A. Cisco Catalyst 3850 switches have an intelligent mechanism to shed power when the system goes into a negative power budget. This scenario can occur after a power failure/offline of a power supply in a stack. The stack will shed power starting with the lowest-priority powered devices in the entire system, then the high-priority powered devices, then the low-priority switches, and finally the high-priority switches until a balance is reached.
After a power budget goes negative, Cisco IOS Software will send warning messages about the situation and the potential outage that a negative budget represents. Power shedding will initiate immediately if strict mode has been configured.
Q. Can a Cisco Catalyst 3850 and 3750-X form a power stack?
A. No, mixed power stacks are not supported with the Cisco Catalyst 3850.
Cisco IOS-XE Software
Q. What is the base software architecture of the next-generation Cisco Catalyst 3850 switch?
A. The Cisco Catalyst 3850 Series Switches are developed based on advanced and next-generation Cisco IOS-XE Software.
Q. What is Cisco IOS-XE Software?
A. The new Cisco IOS-XE Software is developed based on Linux software architecture. The Cisco IOS Software is installed as a hosted core software service over Linux kernel infrastructure.
Q. What are the key cost benefits of Cisco IOS-XE Software?
A. The next-generation Cisco IOS XE Software helps lower the total cost of ownership of many Cisco solutions by offering enhanced services integration for enhanced functionality within the network.
Q. What are the key technical benefits of Cisco IOS-XE Software?
A. Cisco IOS-XE Software increases scalability and performance by using Linux capabilities by utilizing system resources such as multiple CPU cores, control-plane and data-plane separation, and hardware-layer abstraction.
Q. What is Cisco IOSd Software?
A. Cisco IOSd Software is a core application daemon running over a Linux kernel. Cisco IOSd Software is the same native Cisco IOS Software operating system with rich feature sets that abstracts the hardware-layer software from common bundle.
Q. What type of integrated application is supported on Cisco Catalyst 3850 Series Switches?
A. The Cisco Catalyst 3850 powered with Cisco IOS-XE Software is designed to deliver converged wired and wireless network infrastructure. The WCM is a hosted application over Linux kernel that enables coexistence and giving single operational user experience with single Cisco IOS Software to manage wired and wireless infrastructure in a single system.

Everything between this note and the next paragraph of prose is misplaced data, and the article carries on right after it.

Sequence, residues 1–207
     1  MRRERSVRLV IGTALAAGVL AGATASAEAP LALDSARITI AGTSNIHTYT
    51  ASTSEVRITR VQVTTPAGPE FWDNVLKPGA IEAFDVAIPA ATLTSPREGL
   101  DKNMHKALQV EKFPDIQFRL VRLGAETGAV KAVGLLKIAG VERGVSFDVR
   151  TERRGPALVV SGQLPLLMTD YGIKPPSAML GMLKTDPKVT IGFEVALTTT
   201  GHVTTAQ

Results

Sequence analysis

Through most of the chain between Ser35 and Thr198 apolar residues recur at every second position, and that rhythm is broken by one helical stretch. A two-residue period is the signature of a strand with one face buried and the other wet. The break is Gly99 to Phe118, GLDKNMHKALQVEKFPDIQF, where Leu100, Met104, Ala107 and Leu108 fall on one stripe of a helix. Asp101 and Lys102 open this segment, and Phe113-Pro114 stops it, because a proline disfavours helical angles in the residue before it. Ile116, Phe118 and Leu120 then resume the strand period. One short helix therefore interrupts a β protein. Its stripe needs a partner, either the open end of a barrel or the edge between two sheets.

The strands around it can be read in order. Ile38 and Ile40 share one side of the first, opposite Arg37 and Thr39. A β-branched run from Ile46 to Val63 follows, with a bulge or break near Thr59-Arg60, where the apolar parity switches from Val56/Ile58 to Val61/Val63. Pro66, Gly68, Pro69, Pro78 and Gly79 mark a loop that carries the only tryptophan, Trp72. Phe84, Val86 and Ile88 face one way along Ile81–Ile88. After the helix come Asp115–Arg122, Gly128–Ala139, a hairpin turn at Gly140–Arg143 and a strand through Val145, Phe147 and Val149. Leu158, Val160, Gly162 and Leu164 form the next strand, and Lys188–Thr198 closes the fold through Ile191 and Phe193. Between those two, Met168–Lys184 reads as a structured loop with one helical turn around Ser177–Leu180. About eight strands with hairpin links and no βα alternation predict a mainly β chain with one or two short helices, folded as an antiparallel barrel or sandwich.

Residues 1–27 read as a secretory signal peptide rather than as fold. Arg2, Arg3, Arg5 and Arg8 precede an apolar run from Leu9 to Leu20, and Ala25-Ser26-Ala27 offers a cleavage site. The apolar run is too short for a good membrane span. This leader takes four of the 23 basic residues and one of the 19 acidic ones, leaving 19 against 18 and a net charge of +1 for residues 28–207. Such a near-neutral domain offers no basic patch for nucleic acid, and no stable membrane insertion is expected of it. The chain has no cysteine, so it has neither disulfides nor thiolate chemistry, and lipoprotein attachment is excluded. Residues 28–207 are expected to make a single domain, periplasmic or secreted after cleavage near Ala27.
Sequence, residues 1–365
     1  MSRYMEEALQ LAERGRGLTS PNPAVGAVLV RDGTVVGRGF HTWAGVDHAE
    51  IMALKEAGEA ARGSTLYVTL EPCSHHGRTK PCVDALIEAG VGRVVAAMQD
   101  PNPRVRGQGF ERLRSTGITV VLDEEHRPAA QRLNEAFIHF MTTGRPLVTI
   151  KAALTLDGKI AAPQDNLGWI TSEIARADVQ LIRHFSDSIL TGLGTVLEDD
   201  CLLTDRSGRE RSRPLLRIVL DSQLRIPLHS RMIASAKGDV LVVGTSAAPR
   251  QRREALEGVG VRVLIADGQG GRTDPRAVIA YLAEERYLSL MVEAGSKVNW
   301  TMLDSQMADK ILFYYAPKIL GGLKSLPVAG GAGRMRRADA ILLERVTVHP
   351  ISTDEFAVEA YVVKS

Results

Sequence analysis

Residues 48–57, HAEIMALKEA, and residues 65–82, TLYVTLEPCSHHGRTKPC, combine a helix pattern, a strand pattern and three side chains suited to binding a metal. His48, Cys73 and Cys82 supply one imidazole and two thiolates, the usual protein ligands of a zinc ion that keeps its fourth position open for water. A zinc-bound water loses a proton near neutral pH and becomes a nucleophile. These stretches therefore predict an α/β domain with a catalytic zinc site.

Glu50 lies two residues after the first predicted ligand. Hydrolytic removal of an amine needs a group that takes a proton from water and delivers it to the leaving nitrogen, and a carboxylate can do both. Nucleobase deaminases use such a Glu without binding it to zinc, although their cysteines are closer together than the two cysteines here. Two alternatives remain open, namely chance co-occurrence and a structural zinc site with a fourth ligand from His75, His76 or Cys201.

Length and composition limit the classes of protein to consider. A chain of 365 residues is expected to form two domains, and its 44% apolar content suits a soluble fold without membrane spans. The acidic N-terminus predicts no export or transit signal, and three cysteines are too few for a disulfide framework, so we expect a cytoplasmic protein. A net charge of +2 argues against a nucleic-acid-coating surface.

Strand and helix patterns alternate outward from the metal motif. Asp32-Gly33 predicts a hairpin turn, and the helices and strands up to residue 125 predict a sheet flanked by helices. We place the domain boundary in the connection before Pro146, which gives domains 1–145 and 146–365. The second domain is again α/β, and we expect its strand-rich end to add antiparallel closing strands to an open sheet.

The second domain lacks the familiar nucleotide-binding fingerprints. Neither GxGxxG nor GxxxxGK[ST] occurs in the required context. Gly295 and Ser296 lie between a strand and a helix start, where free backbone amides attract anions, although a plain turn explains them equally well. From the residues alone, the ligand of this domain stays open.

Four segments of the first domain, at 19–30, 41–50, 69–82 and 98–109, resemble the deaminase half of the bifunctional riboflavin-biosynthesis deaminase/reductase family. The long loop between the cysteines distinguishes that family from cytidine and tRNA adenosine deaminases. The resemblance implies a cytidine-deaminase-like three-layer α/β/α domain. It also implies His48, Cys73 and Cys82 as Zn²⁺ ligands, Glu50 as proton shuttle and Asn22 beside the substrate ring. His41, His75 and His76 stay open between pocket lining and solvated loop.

Q. How is the new Cisco IOS-XE Software architecture structured?
A. The framework of next-generation Cisco IOS-XE Software is internally distributed into major subcomponents. To design a scalable software architecture, each Cisco IOS-XE Software subcomponent handles unique tasks such as core applications (Cisco IOSd Software), integrated applications (WCM, Wireshark, and so on), Common Management Interface (syslog, HTTP, and so on), distributed forwarding manager, and so on.
Q. Does an integrated WCM needs its own Cisco IOSd Software service instance?
A. No. The Cisco IOSd Software is a centralized core application that delivers rich technologies and provides shared services to hosted applications such as WCM and to other infrastructure such as Common Management Interface.
Q. What is the Cisco IOSd Software and integrated application state when a set of Cisco Catalyst 3850 switches is deployed in StackWise-480 mode?
A. The Cisco Catalyst 3850 in StackWise-480 uses a rich Cisco IOS-XE Software HA framework to build an NSF/SSO-based highly resilient stack-system. The state of Cisco IOSd Software on each system is unique on switches:
• Active: This Cisco IOSd Software is fully operational on Active switch. All management planes, Layer 2/3 control planes, and integrated WCMs function from this system.
• Hot standby: The Cisco IOSd Software is in Hot Standby state on the Standby switch. To enable 1+1 stateful redundancy, the Active switch synchronizes the network protocol state machines, wireless CAPWAP tunnel states, and so on in real time.
• Cold: All key software components remains in Cold state on member or line-card stack switches. The Cisco IOSd Software, management, and hosted applications remain in Active state and are fully programmed for wire-speed distributed switching performance.